SCITUATE — It may be 30 miles from the traditional St. Patrick’s Day breakfast in South Boston, but the town of Scituate held its own shamrock-studded breakfast Sunday morning, a Republican answer to the Southie show that draws a who’s who of the state’s Democrats.
“It’s a little tradition that has grown. We’re competing a bit with the South Boston festivities,” said State Senator Robert Hedlund who emceed the event, now in its fourth year. “This is certainly not on the scale of Boston. But this is getting better every year,” he said. “The Boston one is getting too sterile. . . . It’s too predictable.”
More than 100 people,clad in shades of emerald, showed up to the Scituate Country Club for corned beef and digs at the Democrats.
Two Republican Senate hopefuls, Michael Sullivan and Gabriel Gomez, spoke, while the third candidate, Representative Daniel Winslow, chose to attend the Southie event instead. Plymouth County Sheriff Joseph D. McDonald, Jr., Plymouth County District Attorney Timothy J. Cruz, and State Representative Geoff Diehl also took turns at the microphone.
State Republican Party leader Kirsten Hughes, a professional actress and singer, sang “Danny Boy,” as she often does at local St. Patrick’s Day events.
The speakers rallied behind all three Republican Senate candidates, recognizing that the party will be in for a difficult general election fight against the Democratic nominee, either Representative Stephen F. Lynch or Representative Edward J. Markey.
“I say this in all seriousness,” said Reed Hillman, a former candidate for lieutenant governor, speaking on behalf of Winslow. “Dan Winslow and I are both committed to unequivocally supporting whoever the nominee is . . . Three great candidates, any one of them we would be blessed to have in Washington.”
Though the Scituate breakfast is a fraction of the size of the Southie event, those in attendance said it is refreshing to have an alternative to the Democratic-dominated gathering on St. Patrick’s Day.
Gomez noted that he wasn’t even invited to the South Boston breakfast.
“I think the people down in Southie are scared of the Republicans going there,” Gomez told a reporter after the event. “They’re worried we’re going to show them up. They’re worried we’re going to get our conservative Republican ideas out there, and that were going to shine over the Democrats. And I think they’re afraid, so they didn’t invite us.”
Janet Fogarty Kelley, who started the breakfast, called the Republican event more inclusive than the Democratic one — but admitted, laughing, that she did not invite the Democrats out to Scituate.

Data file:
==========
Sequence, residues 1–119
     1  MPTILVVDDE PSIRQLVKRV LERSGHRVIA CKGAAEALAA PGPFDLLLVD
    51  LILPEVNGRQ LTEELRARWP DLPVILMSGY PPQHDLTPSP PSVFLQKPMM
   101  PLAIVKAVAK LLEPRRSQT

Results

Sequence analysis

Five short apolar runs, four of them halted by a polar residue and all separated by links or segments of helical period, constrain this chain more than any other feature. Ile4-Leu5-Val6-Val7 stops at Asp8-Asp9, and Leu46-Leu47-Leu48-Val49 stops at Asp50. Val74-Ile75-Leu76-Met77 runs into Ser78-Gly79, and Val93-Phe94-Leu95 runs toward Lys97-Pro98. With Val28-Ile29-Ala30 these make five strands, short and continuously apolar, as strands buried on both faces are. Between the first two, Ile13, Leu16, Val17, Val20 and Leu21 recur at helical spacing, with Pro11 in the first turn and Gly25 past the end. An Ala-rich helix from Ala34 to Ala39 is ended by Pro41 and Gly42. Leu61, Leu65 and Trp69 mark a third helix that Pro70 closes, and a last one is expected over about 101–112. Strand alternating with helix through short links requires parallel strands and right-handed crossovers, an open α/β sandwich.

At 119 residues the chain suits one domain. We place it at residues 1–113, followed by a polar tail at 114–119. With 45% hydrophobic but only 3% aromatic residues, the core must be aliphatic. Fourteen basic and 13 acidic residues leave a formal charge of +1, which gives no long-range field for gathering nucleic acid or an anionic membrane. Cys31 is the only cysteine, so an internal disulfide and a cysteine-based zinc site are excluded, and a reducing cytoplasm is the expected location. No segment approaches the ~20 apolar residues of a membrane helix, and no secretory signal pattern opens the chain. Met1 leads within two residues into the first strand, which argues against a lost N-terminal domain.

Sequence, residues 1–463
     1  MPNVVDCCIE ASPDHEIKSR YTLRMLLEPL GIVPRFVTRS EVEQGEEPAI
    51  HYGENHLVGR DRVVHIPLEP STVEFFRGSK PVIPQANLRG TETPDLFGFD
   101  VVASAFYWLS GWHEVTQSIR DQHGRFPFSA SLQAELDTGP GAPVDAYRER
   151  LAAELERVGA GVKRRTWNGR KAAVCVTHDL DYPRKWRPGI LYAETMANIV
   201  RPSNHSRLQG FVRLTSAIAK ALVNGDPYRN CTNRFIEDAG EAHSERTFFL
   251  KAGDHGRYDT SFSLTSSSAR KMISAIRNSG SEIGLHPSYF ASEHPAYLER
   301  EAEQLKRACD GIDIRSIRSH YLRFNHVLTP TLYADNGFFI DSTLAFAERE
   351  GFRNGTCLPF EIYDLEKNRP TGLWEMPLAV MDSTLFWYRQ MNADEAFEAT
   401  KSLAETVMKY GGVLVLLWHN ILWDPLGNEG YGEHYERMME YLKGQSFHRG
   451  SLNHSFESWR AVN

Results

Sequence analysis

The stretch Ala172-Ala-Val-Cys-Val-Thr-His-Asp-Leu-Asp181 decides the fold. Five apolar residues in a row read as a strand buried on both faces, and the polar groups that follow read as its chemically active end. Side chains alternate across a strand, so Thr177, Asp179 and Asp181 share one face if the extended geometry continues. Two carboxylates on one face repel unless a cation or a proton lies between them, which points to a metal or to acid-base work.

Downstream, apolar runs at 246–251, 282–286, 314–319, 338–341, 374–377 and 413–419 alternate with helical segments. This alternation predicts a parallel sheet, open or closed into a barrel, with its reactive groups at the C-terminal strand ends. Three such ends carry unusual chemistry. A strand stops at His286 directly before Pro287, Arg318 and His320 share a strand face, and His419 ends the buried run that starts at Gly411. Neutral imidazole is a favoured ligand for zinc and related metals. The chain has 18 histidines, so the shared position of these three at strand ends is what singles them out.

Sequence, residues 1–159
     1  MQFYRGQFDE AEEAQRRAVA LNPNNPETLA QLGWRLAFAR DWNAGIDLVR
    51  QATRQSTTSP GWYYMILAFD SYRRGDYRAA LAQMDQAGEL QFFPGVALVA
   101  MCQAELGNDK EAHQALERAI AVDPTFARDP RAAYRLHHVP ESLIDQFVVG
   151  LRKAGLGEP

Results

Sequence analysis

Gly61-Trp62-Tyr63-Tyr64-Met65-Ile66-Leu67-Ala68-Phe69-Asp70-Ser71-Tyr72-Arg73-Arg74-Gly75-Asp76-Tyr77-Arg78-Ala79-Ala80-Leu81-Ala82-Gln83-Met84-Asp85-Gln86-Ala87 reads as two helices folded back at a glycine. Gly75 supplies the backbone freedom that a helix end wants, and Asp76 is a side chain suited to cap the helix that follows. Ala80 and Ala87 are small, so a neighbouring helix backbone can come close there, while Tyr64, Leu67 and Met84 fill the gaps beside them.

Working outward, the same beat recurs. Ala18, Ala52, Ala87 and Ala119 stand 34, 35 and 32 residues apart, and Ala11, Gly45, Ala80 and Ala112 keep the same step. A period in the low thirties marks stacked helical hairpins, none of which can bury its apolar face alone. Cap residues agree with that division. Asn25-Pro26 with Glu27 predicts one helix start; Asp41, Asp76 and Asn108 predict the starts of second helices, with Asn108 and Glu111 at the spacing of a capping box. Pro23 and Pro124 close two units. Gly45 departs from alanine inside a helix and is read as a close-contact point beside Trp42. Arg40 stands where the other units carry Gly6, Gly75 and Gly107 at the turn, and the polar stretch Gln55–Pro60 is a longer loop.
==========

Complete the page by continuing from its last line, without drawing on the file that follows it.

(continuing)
“I guess — maybe not all that inclusive,” she said.
After the breakfast dispersed around noon, many attendees headed to the St. Patrick’s Day parade just down the street, where revelers sporting festive hats donned strings of green beads tossed out by marchers.
The parade, now in its 19th year, drew between 15,000 and 20,000 people, according to an estimate from parade chairman Ed Kelley. It is the South Shore’s answer to the Southie event, he said.
“I usually go to Southie,” said Kevin Cullity, 41, of Pembroke, as he sipped Dogfish Head IPA from a red Solo cup on First Parish Road.
This is his first year at the Scituate gala, he said, but it won’t be his last — 10 years of Southie-style celebration was enough. The Scituate parade is wonderful, he said: not too crowded, not too rowdy.
“I don’t want to deal with Southie,” he said.
Victoria and Scott Burgess, transplants from Boston, said this year was their third Scituate parade. Growing up, they said, they went to the Southie parade — but the lower-key festivities in Scituate work better for their 7-year-old twins.
“It’s always a good parade. It’s really family-oriented, our kids can have a good time. It’s safe,” said Victoria.
Some Scituate natives said they would never consider going to the Southie parade — and anyways, Scituate, they said, has more Irish in it.
The town’s nickname, after all, is the Irish Riviera.
“It’s the most Irish town in Massachusetts!” said Cindy Hazen, 56, as she sat in the open hatchback of a minivan surrounded by her eight grandchildren.
Hazen has lived in Scituate her whole life, and used to drive a school bus filled with puppies in the parade. There is no contest between Southie and Scituate, she said — the Scituate event is the authentic Irish parade.
“This is where all the Irish settled before they came to Boston,” she said. “Around here, everybody is friendly.”